Autumn Crocus
R2 - United Kingdom - Network
Review written by and copyright: Paul Lewis (29th May 2014).
The Film

This film has been released as part of Network’s Ealing Studios Rarities Collection, Vol 13.

Autumn Crocus (Basil Dean, 1934)
Based on a play by Dodie Smith, Autumn Crocus was directed by Basil Dean, with some scenes handled by Carol Reed – in his first taste of film directing. The film is notable as one of the final screen roles of Ivor Novello, who struggled to adapt his screen persona to the age of talking pictures. Lawrence Napper and Michael Williams argue that by this stage in his career, Novello was arguably ‘a pastiche of himself […] endowed with a wonderful pan-European accent and clad in lederhosen’ (Napper & Williams, 2001: 53-4). However, in this film, Napper & Williams argue, Novello is stripped of the ‘kind of sexual frisson’ with which he had been associated in some of his silent films (ibid.: 54). The film has been dismissed as ‘embarrassing’, with one vintage review stating that ‘Novello’s schoolboy knees under his Tyrolean shorts make the audience, if not the players, feel bashful’ (quoted in Macnab, 2000: 50). Shortly after this film, Novello would retire from screen acting completely.

Autumn Crocus opens in a schoolroom in which a class full of young girls are singing. It’s raining outside. Above the desk of the teacher, Jenny Grey (Fay Compton), is a landscape painting of the Tyrolean mountains. It’s the end of term, and Jenny and her friend and colleague Edith (Esme Church) are planning on spending their holiday in Venice. However, on the way to Venice, Jenny wishes to visit the Austrian Tyrol. Edith resists at first, but Jenny soon persuades her that it is a good idea.

When they arrive at their hotel, presided over by the charismatic and joyful Andreas Steiner (Ivor Novello), Edith is put off by the fact that all of the hotel’s guests must eat at the same table (‘Oh, I hate eating in herds’, she complains). However, Steiner persuades her that her stay at his hotel will be a happy one. Also at the hotel are a young couple, Alaric (a very young Jack Hawkins) and Audrey (Diana Beaumont), who live together without being married: ‘We are two conscientious young people living together for scientific reasons’, Alaric announces.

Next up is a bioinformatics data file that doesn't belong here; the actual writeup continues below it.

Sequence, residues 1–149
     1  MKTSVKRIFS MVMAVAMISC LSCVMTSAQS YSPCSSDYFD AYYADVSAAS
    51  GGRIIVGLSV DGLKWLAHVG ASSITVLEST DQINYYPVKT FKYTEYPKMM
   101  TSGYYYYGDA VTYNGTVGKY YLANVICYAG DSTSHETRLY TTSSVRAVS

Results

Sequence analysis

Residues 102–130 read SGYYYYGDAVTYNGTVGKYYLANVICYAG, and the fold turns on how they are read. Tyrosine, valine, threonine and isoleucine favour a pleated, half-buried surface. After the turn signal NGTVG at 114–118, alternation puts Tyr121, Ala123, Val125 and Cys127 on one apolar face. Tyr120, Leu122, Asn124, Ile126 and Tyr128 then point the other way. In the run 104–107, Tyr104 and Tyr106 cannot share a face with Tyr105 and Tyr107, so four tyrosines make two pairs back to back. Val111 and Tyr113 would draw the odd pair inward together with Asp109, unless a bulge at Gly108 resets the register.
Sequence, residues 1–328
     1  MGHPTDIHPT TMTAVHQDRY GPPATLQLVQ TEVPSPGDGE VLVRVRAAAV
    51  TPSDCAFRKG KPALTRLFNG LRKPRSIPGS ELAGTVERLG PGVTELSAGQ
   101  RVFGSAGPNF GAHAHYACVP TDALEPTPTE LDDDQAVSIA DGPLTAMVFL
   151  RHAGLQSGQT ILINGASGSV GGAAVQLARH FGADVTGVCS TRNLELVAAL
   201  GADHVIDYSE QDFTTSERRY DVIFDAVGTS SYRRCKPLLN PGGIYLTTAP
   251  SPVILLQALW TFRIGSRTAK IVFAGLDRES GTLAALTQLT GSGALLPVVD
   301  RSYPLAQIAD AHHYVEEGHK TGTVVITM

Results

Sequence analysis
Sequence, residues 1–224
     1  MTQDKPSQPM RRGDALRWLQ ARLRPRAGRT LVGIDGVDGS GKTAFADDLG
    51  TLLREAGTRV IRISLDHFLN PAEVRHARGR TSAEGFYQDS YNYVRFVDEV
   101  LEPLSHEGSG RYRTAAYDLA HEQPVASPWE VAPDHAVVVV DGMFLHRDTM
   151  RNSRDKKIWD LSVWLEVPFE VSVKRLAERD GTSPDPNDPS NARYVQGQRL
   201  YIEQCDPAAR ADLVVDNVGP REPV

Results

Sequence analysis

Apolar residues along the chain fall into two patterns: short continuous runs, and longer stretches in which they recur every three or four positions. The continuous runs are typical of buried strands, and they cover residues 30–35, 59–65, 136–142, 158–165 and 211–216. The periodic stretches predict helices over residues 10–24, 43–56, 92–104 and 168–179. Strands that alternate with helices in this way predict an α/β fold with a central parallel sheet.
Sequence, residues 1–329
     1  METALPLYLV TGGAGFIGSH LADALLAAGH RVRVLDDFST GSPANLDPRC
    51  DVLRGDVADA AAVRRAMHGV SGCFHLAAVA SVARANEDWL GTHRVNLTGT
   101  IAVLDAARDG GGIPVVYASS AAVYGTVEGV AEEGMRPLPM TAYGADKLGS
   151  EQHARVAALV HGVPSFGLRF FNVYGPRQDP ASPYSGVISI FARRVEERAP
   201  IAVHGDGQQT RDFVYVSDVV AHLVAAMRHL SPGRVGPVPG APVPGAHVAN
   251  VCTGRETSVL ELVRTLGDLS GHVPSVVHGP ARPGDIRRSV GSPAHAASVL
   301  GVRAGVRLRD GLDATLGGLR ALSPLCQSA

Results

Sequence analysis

Jenny and Edith have arrived in the little Tyrolean village in time for the national festival, a time of singing and joy. Against this romantic backdrop, Jenny begins to fall in love with their host, Steiner; she is 34 and considers herself to be an aging spinster, so she tells him that she is 29. However, they are fully aware of their different backgrounds. Jenny tells Steiner that she was born in Manchester. Steiner, who has visited England before, tells her, ‘I did not see it [the city] when I was there’. Jenny informs him, ‘You wouldn’t like it. It’s where all the factories are’. However, Jenny is sensitive to her age. When Steiner tells her, ‘You are like something in a fairy tale’, she responds: ‘I’m too old to be in a fairy tale’.

On her last morning in the village, Jenny sneaks out early to climb one of the mountains. She is met by Steiner. However, Jenny’s romantic illusions are shattered when she discovers that Steiner is married, and his wife is the cook at the hotel. Steiner also has a young daughter, the little girl Jenny has seen around the hotel. Steiner declares his love for Jenny, and she asks if he will divorce his wife. ‘There is no divorce in our church’, he tells her, before attempting to persuade Jenny to be his mistress: ‘My wife, need she ever know? [….] What I ask of you is perhaps wrong but it is life. And I do not think it is wrong: it’s too beautiful. What does it matter if we love each other?’ Steiner tells Jenny that she should return to the village once a year, so that they may conduct their affair that way.

Autumn Crocus is clearly intended to be a romantic drama, but, perhaps owing to changing cultural attitudes since the film’s release, Steiner’s attempts to woo Jenny (despite the fact that he is married) come across as more than a little creepy. He reminds her of her age (continually telling her that one day, she will be old, and towards the end of the film referring to her as ‘the flower of spring that blooms in autumn’), essentially preying on her negative self-esteem, before attempting to persuade her to become his mistress once a year. The film focuses largely on the etiquette of sexuality, with the sexual habits of Europeans depicted as exotic and alien: not only does Steiner offer his bizarre proposition to Jenny, but Alaric and Audrey astonish the other guests with the confession that they are ‘living in sin’ – but ‘for scientific reasons’.